Sorting through Matt Cooke's proclamation

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Sorting through Matt Cooke's proclamation

By Mary Paoletti
CSNNE.com

My best wishes to Matt Cooke's family.

His wife, Michelle, nearly died last spring because of a clogged exit valve in her kidney -- a terrifying experience for any person. I'd imagine. I don't actually have any idea what that's like. I don't know the depth of Michelle or even Matt's pain, nor do I know what trials his family went through because of her health scare.

I can only hope things are better.

On an unrelated note, I hope with wrathful seriousness Matt Cooke's promise to change his hockey style is honest.

He tries to link the two together -- Michelle's illness and his disgraceful, dangerous hits -- and Pittsburgh's Mario Lemieux is supporting it.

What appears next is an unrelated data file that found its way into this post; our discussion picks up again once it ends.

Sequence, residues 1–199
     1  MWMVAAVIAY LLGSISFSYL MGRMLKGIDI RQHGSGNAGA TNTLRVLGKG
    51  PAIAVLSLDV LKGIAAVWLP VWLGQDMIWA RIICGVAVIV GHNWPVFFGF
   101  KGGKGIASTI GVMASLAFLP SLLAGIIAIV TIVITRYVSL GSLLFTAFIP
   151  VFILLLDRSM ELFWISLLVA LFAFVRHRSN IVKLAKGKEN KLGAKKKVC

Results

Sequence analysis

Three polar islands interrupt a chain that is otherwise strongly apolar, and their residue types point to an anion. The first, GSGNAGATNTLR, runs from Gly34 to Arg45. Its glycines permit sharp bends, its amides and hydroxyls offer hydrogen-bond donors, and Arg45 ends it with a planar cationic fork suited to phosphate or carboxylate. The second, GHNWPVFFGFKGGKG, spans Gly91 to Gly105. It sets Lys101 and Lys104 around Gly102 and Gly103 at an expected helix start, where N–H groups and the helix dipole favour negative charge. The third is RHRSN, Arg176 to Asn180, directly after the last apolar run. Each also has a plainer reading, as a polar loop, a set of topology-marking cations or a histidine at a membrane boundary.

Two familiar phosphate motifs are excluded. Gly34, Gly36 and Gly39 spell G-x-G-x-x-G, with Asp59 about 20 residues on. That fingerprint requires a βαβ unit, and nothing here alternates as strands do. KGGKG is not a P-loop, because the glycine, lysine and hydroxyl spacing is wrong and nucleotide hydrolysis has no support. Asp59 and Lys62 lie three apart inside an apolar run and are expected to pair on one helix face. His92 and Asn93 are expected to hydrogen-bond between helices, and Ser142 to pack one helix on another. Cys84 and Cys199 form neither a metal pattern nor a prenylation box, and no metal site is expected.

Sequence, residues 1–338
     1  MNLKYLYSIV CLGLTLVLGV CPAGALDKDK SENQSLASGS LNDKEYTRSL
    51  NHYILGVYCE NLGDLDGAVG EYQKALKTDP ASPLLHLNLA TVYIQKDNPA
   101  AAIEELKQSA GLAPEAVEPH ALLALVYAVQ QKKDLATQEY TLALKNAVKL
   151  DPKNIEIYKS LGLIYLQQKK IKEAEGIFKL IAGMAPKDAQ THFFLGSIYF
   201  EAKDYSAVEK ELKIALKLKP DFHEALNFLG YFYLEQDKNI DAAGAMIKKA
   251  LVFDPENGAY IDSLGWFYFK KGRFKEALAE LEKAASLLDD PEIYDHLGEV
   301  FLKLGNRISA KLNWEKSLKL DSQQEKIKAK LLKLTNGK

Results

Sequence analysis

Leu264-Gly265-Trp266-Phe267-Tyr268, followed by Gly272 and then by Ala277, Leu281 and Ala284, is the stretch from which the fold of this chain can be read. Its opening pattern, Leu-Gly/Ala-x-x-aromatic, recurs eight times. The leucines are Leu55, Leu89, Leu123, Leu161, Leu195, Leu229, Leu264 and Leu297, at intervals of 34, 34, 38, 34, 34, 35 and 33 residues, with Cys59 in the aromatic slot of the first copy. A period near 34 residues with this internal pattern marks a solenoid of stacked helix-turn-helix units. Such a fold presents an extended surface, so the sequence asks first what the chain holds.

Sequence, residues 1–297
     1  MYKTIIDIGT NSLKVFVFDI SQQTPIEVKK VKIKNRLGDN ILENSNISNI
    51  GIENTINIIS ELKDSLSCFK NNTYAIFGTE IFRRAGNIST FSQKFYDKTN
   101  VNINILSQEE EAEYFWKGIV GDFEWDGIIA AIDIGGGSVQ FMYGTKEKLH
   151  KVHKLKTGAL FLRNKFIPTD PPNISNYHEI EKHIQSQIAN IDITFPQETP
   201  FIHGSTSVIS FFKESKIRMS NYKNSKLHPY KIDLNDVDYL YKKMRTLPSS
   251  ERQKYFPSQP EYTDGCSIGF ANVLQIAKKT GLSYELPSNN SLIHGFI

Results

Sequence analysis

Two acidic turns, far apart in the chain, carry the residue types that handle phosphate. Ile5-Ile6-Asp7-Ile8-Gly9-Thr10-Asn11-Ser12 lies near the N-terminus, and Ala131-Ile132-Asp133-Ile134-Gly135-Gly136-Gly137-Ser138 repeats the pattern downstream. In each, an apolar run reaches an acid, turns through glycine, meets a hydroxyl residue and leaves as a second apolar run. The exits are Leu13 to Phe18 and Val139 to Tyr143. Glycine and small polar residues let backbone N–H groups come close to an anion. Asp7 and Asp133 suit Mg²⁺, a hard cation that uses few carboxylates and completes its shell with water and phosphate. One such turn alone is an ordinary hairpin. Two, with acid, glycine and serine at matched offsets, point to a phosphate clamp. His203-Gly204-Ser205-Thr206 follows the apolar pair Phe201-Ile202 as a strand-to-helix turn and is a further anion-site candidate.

As a fan of hockey, I don't think I can.

"I don't want to hurt anybody," he said in the Pittsburgh Tribune-Review. He added that he plans to change "(his) approach" to hitting.

The suffering of the woman he married, the strain on their children... Cooke says it gave him perspective. So much so, that after he hit Ryan McDonagh with an elbow to the head March 20 (the first game his wife was healthy enough to attend since January 1) he was inspired to watch 20 hours of hits to "learn how to deliver a legal check."

This is viewed as a turning point, as an exercise in maturity.

"No more elbows. No more blindside shots. No more of the hits that have garnered him the reputation as the NHL's dirtiest player, a so-called cheap-shot artist who has been suspended four times for illegal hits in three seasons since joining the Penguins," Rob Rossi writes.